Financial institutions that would be required to collect and report these data include any partnership, company, corporation, and cooperative organization. This requirement extends beyond banks that have a current obligation to report small business loan data under CRA. CFPA does, however, reserve the right to exempt any class of financial institutions from this reporting requirement.
15   

The importance of this data cannot be understated. The addition of race and gender data in HMDA facilitated a dramatic expansion of prime lending to minorities and women in the 1990s before the explosion of subprime lending from 2003-2007. For example, home lending to African Americans and Hispanics increased 79.5 percent and 185.8 percent, respectively, compared to 51.4 for middle- and upper-income borrowers 1993 and 2002.21 In contrast, a welldeveloped literature based on national surveys indicates the likely possibility of discrimination against women- and minority-owned small businesses.22 A lack of publicly available data on small business lending by race and gender has inhibited lending to women- and minority-owned businesses by preventing stakeholders from identifying missed opportunities to serve minorityand women-owned businesses and by enabling discriminating lenders to remain undetected when violating the fair lending laws.

The Federal Reserve Board has inhibited rather than facilitated the promotion of additional data collection of small business lending. The Federal Reserve has prevented lenders from voluntarily collecting race and gender data for small business borrowers by failing to lift the current prohibition in Regulation B (that implements the Equal Credit Opportunity Act) against collecting this data. In addition, the Federal Reserve discontinued the periodic national survey that enabled researchers to document disparities and likely discrimination in small business lending. In total, the Federal Reserve’s actions discouraged debate and discussion on small business data disclosure, which is inconsistent for an agency that has been responsible for enforcing CRA and the fair lending laws. This is yet another reason to shift CRA enforcement to CFPA.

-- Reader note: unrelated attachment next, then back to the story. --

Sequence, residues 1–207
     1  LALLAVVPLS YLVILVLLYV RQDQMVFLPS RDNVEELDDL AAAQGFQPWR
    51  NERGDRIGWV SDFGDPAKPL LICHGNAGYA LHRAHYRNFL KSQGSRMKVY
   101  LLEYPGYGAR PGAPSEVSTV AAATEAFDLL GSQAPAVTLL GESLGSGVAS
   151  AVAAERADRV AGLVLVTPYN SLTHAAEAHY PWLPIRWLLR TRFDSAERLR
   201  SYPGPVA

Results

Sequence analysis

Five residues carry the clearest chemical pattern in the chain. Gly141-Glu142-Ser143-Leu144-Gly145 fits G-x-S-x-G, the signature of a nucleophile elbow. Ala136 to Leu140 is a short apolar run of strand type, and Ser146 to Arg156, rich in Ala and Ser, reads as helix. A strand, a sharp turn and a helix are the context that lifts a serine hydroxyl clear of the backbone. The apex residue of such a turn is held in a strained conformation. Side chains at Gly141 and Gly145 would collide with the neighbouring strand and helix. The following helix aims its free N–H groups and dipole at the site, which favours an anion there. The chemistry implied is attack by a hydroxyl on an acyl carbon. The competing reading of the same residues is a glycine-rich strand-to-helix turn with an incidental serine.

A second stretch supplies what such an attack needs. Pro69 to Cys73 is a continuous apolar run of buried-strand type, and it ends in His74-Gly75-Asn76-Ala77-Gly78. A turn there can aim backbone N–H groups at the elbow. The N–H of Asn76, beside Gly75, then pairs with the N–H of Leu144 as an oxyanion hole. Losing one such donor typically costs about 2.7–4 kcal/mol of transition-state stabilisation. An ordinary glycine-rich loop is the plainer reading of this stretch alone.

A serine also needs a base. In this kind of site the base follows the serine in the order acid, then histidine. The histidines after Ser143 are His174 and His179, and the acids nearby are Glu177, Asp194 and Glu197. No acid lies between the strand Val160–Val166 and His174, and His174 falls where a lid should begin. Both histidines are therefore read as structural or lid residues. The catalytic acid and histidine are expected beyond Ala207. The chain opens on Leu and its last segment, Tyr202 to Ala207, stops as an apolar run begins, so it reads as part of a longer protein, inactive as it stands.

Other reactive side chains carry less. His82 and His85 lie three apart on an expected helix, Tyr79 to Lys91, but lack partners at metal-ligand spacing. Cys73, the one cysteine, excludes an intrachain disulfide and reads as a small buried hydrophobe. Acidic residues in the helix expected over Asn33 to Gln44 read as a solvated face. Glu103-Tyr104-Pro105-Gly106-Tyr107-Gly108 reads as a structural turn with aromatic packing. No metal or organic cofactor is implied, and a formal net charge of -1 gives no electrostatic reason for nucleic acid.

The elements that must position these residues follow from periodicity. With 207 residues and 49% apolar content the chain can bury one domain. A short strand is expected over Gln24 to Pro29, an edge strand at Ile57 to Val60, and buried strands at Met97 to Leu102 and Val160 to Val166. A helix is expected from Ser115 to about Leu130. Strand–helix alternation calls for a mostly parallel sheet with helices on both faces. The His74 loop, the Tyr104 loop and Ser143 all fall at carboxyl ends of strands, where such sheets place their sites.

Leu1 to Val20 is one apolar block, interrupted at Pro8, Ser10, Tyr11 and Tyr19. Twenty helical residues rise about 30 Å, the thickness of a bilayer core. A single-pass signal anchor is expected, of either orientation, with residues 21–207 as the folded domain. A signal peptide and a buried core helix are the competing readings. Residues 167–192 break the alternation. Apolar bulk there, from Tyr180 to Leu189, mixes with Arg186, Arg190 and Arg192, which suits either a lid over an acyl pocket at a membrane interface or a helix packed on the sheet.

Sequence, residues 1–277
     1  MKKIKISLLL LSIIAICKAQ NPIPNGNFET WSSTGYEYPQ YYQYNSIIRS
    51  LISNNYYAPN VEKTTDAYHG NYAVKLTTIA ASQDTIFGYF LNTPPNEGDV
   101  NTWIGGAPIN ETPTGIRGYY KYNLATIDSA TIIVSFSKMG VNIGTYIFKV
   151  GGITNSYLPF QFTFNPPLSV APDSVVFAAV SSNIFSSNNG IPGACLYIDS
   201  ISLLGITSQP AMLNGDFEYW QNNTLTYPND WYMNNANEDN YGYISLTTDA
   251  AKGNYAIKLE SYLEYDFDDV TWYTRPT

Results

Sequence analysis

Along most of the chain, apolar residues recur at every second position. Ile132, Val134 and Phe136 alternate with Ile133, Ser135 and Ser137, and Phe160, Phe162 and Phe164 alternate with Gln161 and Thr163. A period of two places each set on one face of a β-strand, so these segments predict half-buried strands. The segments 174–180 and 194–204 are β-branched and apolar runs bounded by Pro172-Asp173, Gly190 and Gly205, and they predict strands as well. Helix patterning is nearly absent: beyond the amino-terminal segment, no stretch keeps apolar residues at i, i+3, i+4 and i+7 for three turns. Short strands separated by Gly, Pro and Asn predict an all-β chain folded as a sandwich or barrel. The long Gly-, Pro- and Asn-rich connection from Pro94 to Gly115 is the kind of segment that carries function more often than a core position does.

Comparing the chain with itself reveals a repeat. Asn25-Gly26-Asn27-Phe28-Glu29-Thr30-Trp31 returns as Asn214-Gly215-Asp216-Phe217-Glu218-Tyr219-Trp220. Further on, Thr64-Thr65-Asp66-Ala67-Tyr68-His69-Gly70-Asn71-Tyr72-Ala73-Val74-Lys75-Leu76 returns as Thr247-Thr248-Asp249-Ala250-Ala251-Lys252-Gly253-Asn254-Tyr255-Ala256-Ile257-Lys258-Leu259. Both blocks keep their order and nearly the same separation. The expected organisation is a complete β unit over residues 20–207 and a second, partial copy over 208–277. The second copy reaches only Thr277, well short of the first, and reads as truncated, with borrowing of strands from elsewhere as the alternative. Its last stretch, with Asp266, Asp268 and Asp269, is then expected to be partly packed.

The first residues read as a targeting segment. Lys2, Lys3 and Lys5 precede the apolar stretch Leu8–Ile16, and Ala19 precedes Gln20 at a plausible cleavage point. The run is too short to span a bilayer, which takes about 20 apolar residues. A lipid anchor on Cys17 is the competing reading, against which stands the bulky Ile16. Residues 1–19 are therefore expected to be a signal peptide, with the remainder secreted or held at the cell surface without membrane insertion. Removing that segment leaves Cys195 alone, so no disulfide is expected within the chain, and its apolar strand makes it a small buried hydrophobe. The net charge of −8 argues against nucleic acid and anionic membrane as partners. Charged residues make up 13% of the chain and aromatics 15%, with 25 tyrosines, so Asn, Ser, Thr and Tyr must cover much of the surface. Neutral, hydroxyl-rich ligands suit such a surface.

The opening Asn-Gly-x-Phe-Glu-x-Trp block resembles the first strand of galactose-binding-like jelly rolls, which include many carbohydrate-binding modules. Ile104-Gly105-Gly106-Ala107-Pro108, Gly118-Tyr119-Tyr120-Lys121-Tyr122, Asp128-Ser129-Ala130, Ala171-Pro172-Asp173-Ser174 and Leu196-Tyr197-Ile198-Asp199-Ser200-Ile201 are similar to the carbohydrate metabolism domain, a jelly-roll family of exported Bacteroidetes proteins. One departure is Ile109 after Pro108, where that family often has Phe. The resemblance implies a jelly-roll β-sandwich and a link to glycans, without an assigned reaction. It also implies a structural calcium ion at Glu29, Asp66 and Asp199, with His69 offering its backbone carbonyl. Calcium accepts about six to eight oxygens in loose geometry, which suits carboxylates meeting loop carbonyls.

Enhancements to Home Mortgage Disclosure Act (HMDA) Data In addition to the demographic characteristics they already collect in HMDA data, financial institutions would be required to collect the age of the borrower under the Administration’s proposal and H.R. 3126. NCRC and others have found that elderly borrowers experience lending disparities; this additional data element will allow for a more systematic investigation of these disparities. Several loan terms and conditions would also be collected, including total points and
16   

fees, the difference between the annual percentage rate and a benchmark rate for all loans, prepayment penalties, the value of the real property pledged as collateral, whether the loan is a hybrid loan with a lower teaser rate, whether the loan is a negative amortization loan, whether the application was received by a broker or other retail channel, and the credit score of the borrower.

Distributing Consumer Protection Responsibilities

Once established, the Consumer Financial Protection Agency will become the primary agency responsible for coordinating consumer protection at the federal level, monitoring the financial industry’s consumer protection activities, interpreting the consumer protection laws through issuing rules, and enforcing consumer protection laws.

Role of the Federal Reserve That the CFPA will take the leading role in consumer protection does not mean that the Federal Reserve should abdicate its entire role in consumer protection. As the central bank of the United States, part of its mandate is to ensure that the financial sector serves as an engine of growth for the entire economy, which in turn requires ensuring positive consumer outcomes.